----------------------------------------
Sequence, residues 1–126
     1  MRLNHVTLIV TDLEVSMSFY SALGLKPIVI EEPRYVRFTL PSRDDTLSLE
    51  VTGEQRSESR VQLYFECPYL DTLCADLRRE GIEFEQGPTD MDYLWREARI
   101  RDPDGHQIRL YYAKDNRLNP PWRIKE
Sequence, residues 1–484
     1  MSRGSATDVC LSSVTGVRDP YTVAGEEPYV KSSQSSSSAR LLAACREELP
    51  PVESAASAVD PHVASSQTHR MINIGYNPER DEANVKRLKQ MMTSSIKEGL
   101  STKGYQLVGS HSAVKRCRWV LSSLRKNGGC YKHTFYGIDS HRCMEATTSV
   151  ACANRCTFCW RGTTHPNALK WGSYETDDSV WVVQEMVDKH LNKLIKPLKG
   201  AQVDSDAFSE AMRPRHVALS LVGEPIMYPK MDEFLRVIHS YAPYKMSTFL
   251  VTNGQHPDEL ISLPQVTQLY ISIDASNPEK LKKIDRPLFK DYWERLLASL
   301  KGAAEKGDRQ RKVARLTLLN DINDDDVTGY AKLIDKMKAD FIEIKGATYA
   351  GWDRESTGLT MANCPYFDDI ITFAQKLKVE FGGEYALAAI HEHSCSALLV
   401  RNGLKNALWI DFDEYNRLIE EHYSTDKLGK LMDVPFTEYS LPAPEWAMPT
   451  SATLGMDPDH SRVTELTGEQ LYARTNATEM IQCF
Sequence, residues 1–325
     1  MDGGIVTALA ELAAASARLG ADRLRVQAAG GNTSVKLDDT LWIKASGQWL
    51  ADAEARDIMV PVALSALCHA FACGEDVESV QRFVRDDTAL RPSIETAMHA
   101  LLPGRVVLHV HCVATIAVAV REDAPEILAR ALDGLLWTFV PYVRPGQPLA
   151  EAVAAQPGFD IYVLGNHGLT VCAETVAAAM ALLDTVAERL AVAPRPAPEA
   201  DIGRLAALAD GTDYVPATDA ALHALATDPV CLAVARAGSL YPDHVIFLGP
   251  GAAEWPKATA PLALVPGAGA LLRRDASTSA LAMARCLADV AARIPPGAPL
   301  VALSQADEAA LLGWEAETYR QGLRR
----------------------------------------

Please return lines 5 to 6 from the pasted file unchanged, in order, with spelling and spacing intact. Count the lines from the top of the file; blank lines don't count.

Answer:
Sequence, residues 1–484
     1  MSRGSATDVC LSSVTGVRDP YTVAGEEPYV KSSQSSSSAR LLAACREELP